New Delhi, July 17 (Calcutta Tube) The giant whale shark – a gentle specie of the deep sea about which very little is known – will soon be a tourist attraction off the Gujarat coastline even as it is tagged for genetic analysis and conservation.
Tourism officials are hoping to start the ‘whale shark tours’ soon along the Gujarat coast in the Arabian sea soon, once the infrastructure is available.
Gujarat’s ministry of environment and forests and NGO Wildlife Trust of India (WTI) are also taking training from Australian experts to launch the two projects simultaneously under the Whale Shark Conservation Project.
‘In India, a large number of whale sharks have been seen off the Gujarat coastline. However, there is little information whether these are resident or migratory. If tags are enabled on these sharks, it will help track them and understand their migratory patterns and habitats,’ Dhiresh Joshi, coordinator of WTI, told IANS.
India’s ministry of environment and forests has given the green signal for tagging the species for genetic analysis.
The whale shark is a highly migratory specie. There is no knowledge whether there is breeding among different groups within the specie.
The whale shark, one of the biggest species among sharks that weighs a massive 34 tonnes and feeds on microscopic three-millimetre-long plankton, is listed under Indian wildlife laws.
Once tagged, marine conservationists will be able to track their movement. Genetic sampling may also throw light on how closely different populations of the whale shark are related.
Marine experts from Australia’s Scientific Advisory Council visited Porbandar to help prepare a work plan for the project.
‘We are in the process of procuring satellite tags and will soon be initiating genetic analysis of individual whale sharks. This is a completely new exercise for the species in India.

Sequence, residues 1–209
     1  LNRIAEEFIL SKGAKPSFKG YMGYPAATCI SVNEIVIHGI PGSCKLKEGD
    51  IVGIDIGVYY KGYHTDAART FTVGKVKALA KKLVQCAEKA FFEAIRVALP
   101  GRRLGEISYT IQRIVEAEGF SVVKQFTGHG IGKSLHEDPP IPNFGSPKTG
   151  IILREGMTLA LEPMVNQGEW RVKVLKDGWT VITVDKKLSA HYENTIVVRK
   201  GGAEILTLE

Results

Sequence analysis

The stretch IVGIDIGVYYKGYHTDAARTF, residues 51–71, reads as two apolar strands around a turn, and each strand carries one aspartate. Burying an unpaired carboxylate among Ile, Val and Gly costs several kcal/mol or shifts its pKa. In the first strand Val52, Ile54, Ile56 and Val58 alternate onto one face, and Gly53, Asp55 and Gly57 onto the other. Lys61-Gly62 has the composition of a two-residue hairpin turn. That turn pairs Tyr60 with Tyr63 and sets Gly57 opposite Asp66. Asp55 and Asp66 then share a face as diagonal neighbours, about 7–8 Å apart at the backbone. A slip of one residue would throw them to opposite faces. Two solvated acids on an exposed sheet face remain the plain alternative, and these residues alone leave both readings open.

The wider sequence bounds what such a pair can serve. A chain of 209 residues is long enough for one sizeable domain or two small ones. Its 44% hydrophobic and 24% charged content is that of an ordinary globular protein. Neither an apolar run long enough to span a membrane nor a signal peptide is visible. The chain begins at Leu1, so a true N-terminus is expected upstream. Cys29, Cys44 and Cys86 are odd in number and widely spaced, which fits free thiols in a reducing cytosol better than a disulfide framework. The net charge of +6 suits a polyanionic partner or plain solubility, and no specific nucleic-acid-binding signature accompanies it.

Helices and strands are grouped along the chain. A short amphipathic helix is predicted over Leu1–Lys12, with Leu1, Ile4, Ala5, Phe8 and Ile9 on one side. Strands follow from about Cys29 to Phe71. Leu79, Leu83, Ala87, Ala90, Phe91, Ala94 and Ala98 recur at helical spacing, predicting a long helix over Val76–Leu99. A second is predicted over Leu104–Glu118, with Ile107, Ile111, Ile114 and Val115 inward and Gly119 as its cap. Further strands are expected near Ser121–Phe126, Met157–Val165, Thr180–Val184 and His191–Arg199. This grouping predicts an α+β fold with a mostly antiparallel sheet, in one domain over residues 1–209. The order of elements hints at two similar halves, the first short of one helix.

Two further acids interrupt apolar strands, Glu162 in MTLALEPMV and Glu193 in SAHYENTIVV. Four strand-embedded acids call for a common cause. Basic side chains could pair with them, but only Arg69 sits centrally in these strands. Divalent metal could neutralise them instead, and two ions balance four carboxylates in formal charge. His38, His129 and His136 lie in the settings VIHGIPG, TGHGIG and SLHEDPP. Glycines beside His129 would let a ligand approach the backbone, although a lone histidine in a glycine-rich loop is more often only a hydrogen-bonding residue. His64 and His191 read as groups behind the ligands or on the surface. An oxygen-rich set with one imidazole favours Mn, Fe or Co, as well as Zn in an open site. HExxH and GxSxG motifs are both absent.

‘Hopefully, in a few years, through extensive studies, we will be able to shed more light on this gentle giant of the deep seas,’ Joshi said.
The campaign will also help convert fishermen into protectors of the whale shark, benefiting the coastal communities of the state, he said.
Pradeep Khanna, Gujarat’s principal chief conservator of forests, said one would have to take care that tourism does not impact the whale sharks’ habitat.
Hunted for their liver oil, a global campaign is on for whale shark conservation through scientific methods and community awareness.
The specie was first noticed in 1828 in Cape Town, South Africa. Australia has been doing a lot of research on whale sharks, including tracking the ones coming to its shores through satellite tagging.
Through the satellite tagging process, animals can be tracked through satellites by using Very High Frequency (VHF) radio waves. It involves identifying individual whale sharks, just like stripe patterns are used to identify individual tigers.
Australia has also started professionally-run whale shark tours.
An Indian delegation, on a visit to Australia to observe whale shark satellite tagging, was taken out on a swim with whale sharks to allow a first-hand experience of whale shark tourism in that country.
The visit was an official learning tour for the Whale Shark Conservation Project, under the Gujarat forest department and WTI.
(Prantick Majumder can be contacted at firstname.lastname@example.org)